‘Is Spain's squatting problem really that bad? asks The Local (here). Well, no, ‘Okupas in private flats, that is, owned by individuals or by families, are actually quite rare’. But, you know, it’s a political hot potato (and also an opportunity to sell alarm systems).


Barcelona has too many visitors, claims El País here with its headline: ‘"I could never live here", says Frank from Florida. The tourists complain about the huge number of visitors, the waits and the queues, while admitting their own contribution to the problem’. Just before the pandemic, Barcelona (population 1.6 million souls) received 28 million visitors. This year looks set to produce similar figures. Spain of course is doing well from tourism and yet…

Foreign tourists are spending 16% more than before the pandemic says Hosteltur brightly.


From 20Minutos here: ‘The Consumer Price Index (CPI) has registered a significant slowdown in price increases and has placed the inflation figure for June at 1.9% year-on-year. This is an unprecedented low since March 2021, when this indicator reached 1.3% and the first time that the CPI has fallen below the 2% barrier since prices began to rise at high speed in the second half of 2021…’

From CadenaSer here. ‘Job creation breaks a new record in June and unemployment falls to the lowest figure in the last 15 years’. Thanks to tourism, mostly. The figures are 20,860,000 employed and 2,740,000 on the dole.

From The Corner here: ‘Small businesses shed almost 20,000 self-employed in one year. Bakeries, greengrocers, butchers, hairdressers? The decline of small businesses is being exacerbated by the pressure of costs and lower sales, an explosive combination that is accelerating the trickle of shop closures that began years ago without this decline being accompanied by an urgent support plan. The proliferation of large shopping centres, the consolidation of online commerce and with it the arrival into the market of the technological giants, have taken their toll on neighbourhood shops…’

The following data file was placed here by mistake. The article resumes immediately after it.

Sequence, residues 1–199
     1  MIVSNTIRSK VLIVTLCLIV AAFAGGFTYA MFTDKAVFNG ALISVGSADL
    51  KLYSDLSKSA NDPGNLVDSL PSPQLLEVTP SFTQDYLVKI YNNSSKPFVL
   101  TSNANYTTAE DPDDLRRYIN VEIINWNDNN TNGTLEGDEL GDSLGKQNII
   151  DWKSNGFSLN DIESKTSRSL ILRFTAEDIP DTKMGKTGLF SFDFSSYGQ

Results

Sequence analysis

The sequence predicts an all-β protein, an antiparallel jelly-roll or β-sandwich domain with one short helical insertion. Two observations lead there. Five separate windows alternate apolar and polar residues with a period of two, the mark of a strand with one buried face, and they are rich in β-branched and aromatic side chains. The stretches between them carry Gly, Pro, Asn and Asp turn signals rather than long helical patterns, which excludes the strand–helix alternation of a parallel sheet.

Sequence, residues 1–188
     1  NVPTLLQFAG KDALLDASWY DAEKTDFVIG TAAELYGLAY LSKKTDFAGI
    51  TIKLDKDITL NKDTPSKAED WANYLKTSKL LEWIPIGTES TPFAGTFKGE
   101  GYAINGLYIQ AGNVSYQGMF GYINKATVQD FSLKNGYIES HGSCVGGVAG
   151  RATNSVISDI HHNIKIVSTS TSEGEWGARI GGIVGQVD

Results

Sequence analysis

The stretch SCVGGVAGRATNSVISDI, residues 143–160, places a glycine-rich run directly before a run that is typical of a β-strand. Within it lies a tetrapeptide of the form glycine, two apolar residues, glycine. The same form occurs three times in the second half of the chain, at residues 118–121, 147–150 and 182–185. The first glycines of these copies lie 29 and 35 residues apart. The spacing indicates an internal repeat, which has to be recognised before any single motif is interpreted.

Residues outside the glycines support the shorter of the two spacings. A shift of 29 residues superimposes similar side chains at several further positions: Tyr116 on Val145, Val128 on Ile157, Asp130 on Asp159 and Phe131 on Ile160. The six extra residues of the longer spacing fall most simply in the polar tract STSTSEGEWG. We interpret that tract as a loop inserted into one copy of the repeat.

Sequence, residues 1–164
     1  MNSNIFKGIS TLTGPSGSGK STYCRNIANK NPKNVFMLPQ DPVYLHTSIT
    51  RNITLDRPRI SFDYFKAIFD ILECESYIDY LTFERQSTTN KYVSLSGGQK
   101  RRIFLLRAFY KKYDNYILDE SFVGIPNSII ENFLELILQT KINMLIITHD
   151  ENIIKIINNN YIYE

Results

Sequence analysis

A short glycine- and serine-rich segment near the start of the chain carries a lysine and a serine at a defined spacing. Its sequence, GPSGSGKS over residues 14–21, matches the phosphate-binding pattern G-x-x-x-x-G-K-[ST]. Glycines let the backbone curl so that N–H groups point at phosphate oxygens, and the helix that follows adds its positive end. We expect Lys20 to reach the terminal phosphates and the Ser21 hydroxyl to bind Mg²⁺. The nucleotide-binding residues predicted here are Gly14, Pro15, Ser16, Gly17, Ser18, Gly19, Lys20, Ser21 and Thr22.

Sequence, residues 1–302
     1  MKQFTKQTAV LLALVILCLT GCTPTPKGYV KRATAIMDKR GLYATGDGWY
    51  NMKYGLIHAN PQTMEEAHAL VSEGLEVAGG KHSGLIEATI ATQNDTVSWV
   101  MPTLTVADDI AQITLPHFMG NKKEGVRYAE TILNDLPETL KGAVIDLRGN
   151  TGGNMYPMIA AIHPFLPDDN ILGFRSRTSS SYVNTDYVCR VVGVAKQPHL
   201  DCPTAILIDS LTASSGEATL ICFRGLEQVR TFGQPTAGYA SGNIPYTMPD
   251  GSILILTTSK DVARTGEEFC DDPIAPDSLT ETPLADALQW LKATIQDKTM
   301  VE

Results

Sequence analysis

How much do public officials earn? There’s a full answer here at Sueldos Públicos.


General Elections July 23rd.

From Spiked here: ‘The Spanish left is in crisis. Women, workers and city-dwellers are turning their backs on the governing coalition’.

The Times says: ‘Spanish PM wins back voters as rivals get tangled in coalition deal. Pedro Sánchez claimed a right-wing alliance would turn back the clock to the days of Franco’.